The fate of the heavily redacted

In a post I did a little more than a week before the 12-15-2022 releases, I profiled several CIA docs as samples of “heavy redaction”. Now the new releases are out. How did these documents fare? Behold!

The CI staff “not me” list

The doc is self-explanatory. Here is a link to the 2018 version that I posted last time:


Here is the same doc this time around:


This time the list is released in full.

Brigade 2506 list

Here is the 2018 version:


And here is the 2022 release:


Redactions remain, but a significant amount of names and numbers were also released.

List of contracts terminating in 1977


This list still has redactions in 2022:


Notice what some of those redacted numbers are. I expect that redaction of these numbers means these people are still with us, while release of the numbers means that these folks have already passed on. I would not release this info, period. I see no sense in it. Well, whatever.

The three docs cited above were all examples of lists that had been redacted into nothingness, some of the heaviest redactions I could find. They are now restored fully, or anyway in significant numbers. In docs still redacted, restorations are numerous, and in my opinion have careful research behind them. At least I hope so.

I expressed serious doubt in my previous post that these lists could possibly contribute to our understanding of the JFK assassination. I see nothing in the releases this time around to change my mind.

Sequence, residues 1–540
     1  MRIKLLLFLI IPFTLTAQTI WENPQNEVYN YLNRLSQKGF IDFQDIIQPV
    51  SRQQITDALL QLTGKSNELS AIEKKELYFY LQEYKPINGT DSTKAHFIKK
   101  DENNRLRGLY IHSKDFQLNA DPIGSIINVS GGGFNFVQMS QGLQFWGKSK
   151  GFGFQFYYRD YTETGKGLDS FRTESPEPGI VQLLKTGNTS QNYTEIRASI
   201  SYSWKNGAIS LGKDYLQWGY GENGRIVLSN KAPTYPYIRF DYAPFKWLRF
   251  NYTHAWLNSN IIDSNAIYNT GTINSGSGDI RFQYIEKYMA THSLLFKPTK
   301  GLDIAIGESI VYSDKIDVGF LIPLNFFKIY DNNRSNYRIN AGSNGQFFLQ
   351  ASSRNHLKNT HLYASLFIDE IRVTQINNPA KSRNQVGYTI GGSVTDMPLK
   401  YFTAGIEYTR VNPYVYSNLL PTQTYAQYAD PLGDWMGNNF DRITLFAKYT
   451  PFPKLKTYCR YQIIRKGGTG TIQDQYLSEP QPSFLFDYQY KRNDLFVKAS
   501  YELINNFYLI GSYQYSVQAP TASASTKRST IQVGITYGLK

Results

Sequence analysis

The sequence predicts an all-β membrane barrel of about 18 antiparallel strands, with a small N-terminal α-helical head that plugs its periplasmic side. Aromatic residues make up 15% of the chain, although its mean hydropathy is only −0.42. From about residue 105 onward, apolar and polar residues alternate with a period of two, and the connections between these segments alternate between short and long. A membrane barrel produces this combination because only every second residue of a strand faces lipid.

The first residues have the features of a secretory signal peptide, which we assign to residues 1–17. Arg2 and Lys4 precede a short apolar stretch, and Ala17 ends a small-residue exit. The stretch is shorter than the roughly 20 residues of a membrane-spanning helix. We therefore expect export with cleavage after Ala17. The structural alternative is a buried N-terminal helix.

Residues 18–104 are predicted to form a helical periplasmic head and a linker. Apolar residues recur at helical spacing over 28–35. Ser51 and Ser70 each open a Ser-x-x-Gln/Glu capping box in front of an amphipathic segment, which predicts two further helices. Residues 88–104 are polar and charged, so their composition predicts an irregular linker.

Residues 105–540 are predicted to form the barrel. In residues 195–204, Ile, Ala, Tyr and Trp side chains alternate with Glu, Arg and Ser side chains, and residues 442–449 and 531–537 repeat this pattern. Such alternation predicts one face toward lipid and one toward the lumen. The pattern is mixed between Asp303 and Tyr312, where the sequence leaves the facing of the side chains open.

Note that I put these examples up before the releases. I had no way of knowing in advance how much material would be released. Instead, I chose cases where redaction was most extreme. Other than that, these are not cherry picked examples or examples of Texas sharpshooting, where I knew where the bullet holes were and drew targets around them.

Going on to my two examples where continued redaction could be anticipated (since it makes sense):

Station X replies to ARRB request

The 2018 version is:


There were zero new releases in this document, I will not bother to give the links.

Station Y replies to ARRB request

Here is the 2018 version:


The 2022 version has only minuscule releases:


This doesn’t tell us anything new or interesting either…does it? Anyway, both of these are examples where records were put on line with no new text or only a minute amount of new text. I had no way of knowing that. Well, actually I might have had a suspicion.

Herbert Itkin

The last example in my pre-release post was a chapter from the confessions of a 1960s Felix Krull, a story worthy of a detailed accounting. Here is the heavily redacted 2018 doc:


And here is the newly dawned 2022 version:


This record too is released in full.

The two cents

Heavily redacted documents had various treatments in the releases this time. Many CIA records that started out looking like so many pieces of swiss cheese were released in full. Others were released in part, sometimes for reasons that were at least guessable. Yet others were barely touched, or released in their original redacted state. Some of these last records have been released six or seven times. Dang.

I am still not ready to pass a final verdict on the overall quality of the releases this time. True, there are records still redacted. But I have to tell you, I expected that.